2nd Sunday in Ordinary Time (Fr. Vinner)

by | Jan 12, 2018

“Speak, Lord, Your servant is listening.” 

Dear Brothers and Sisters, The main theme of today’s Scripture readings is Divine vocation – that everyone is called by God to be a witness for Christ by doing something for others with his or her life, using his or her unique gifts and blessings. Hence, today’s readings remind us of our personal and corporate call to become witnesses for Jesus, the Lamb of God, by leading lives of holiness and purity. And we stand today on the boundary between Christmas and the liturgical ordinary time. The Christmas crib and Christmas trees are gone, we are clothed in green for the cycle of ordinary time. But the readings, especially the Gospel, continue the grace and mystery of Christmas. Jesus was born as a child, came into the world, and was revealed to it. He showed himself to the world. He also spoke and still speaks to the world, in a particular way through his call, of which we hear in the readings and in the Gospel.

“Behold, the Lamb of God!” says John. These words, which we hear at ever Mass, are decisive words. John was a charismatic man, who excited and challenged people. Disciples gathered around him. But John does not want to remain his disciples. He points to Jesus! “Behold the Lamb of God!” With this pointing he fulfills the meaning of his own life. Every one of us seeks meaning in life, and find it in various ways. But very few recognize the meaning of their life so clearly as John. He lives, he exists for one thing alone, to point to Jesus. That is the high point of his life, with which he attains the greatest joy. Now it but remains for Jesus to grow; he, John, may diminish.

The first reading describes how Yahweh called Samuel to His service and how the boy Samuel responded to Him, saying, “Speak, Lord, Your servant is listening.”  Hence, God blessed him in the mission entrusted to him, and Samuel became an illustrious figure, ranking with Moses and David as a man of God.  In the Responsorial Psalm (Ps 40), the psalmist sings, “Behold, I come to do Your will,” indicating   that his vocation is to obey, to do what God commands him to do. In the second reading, St. Paul explains to the Corinthians that their Divine call is a call to holiness.  Hence, they need to keep their bodies pure and souls holy because by Baptism they have become parts of Christ’s Body and the temples of the Holy Spirit.  In the Gospel, John the Baptist claims that his vocation is to introduce Jesus to two of his disciples as the “Lamb of God,” suggesting Jesus’ vocation to become a sacrificial lamb to atone for our sins. The disciples followed Jesus to his residence, accepting his invitation to “come and see.”  They stayed with him that day.  Then Andrew brought his brother Simon to Jesus, introducing Jesus to him as the Messiah.  Thus, today’s Gospel also describes the call or vocation of the first apostles and challenges us to invite others to Christ by our Christian witnessing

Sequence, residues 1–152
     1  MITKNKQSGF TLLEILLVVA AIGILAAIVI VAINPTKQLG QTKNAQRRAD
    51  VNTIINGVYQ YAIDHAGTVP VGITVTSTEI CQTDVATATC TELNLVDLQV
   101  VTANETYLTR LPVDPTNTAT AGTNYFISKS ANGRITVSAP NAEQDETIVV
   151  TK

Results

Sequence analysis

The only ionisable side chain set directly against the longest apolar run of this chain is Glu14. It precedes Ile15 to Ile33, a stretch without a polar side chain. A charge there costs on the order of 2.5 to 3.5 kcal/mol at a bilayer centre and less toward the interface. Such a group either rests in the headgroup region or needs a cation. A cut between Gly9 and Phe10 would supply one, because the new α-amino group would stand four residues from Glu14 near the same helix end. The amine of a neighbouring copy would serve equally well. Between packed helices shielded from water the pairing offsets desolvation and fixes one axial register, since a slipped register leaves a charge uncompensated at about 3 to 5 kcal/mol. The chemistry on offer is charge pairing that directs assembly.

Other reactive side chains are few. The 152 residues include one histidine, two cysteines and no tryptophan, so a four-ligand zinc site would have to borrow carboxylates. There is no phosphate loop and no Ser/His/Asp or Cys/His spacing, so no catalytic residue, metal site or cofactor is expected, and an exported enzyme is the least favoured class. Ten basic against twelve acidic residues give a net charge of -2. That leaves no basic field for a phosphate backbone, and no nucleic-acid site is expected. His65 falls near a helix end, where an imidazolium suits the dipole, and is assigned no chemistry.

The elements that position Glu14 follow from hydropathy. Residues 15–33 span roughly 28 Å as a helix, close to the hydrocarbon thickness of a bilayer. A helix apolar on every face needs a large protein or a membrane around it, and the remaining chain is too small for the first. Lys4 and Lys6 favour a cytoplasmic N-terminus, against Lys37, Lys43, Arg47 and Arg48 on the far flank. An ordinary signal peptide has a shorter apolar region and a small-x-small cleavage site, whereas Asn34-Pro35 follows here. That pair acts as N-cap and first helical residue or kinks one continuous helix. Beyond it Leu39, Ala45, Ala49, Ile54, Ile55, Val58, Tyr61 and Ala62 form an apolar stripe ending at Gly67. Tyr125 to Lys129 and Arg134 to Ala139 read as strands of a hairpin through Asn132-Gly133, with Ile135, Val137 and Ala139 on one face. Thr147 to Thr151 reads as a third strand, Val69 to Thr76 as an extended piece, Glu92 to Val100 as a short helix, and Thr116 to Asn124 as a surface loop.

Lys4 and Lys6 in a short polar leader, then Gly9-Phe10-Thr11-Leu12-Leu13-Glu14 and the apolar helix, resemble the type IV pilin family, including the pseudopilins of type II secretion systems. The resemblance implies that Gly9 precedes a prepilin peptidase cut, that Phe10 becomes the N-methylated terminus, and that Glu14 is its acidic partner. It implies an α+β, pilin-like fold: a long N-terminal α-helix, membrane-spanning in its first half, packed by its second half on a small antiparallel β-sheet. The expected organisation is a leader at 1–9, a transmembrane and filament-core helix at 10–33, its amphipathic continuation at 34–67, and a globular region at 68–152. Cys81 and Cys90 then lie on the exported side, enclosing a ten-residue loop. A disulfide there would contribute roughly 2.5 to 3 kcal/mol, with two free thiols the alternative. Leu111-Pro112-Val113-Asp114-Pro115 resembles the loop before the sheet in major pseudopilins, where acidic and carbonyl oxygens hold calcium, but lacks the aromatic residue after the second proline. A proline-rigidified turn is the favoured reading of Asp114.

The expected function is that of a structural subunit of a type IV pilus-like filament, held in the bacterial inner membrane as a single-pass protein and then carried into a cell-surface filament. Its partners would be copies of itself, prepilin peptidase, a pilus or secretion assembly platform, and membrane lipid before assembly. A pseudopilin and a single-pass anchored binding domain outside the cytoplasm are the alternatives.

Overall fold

God calls everyone of us. But there are many forms that God’s call takes. It is few who are called as successors of the apostles. It is perhaps few who experience God’s call in as impressive a way as Samuel. But what is essential remains the same, that there is someone from whom we somehow hear, “See him! Listen to him! He is the one who fulfills your longing and your hope, who will make you happy!” and that we have the confidence to say this also to others. Or as in Samuel’s case, “Listen to these words, to this teaching, to these thought! Thus you will be led well!” And that we are seek to learn every more intimately who Jesus, to ask him anew “Where are you staying?”, and to experience his presence with us in the celebration of the Eucharist, and in our fellow men and women.

Our Christian vocation is to live and die like the Lamb of God.  (A) We live like the Lamb of God: 1) by leading pure, innocent, humble, selfless lives, obeying Christ’s commandment of love; 2) by appreciating the loving providence and protecting care of the Good Shepherd in his Church; 3) by partaking of the Body and Blood of the Good Shepherd in the Holy Eucharist and deriving spiritual strength from the Holy Spirit through prayer and the Sacraments.  (B) We are called to die like the Lamb of God: a) by sharing sacrificially our blessings of health, wealth and talents with others in the family, parish and community; b) by bearing witness to Christ in our illness, pain and suffering through our graceful acceptance of all of it; c) by offering our sufferings for God’s glory, as penance for our sins and for the conversion of sinners. In this Mass, let us pray that we, who have heard and followed his call to faith, may experience still more this longing to know him, and believe and experience ever more strongly his presence among us.

May God Bless us.

FR. S.Vinner HGN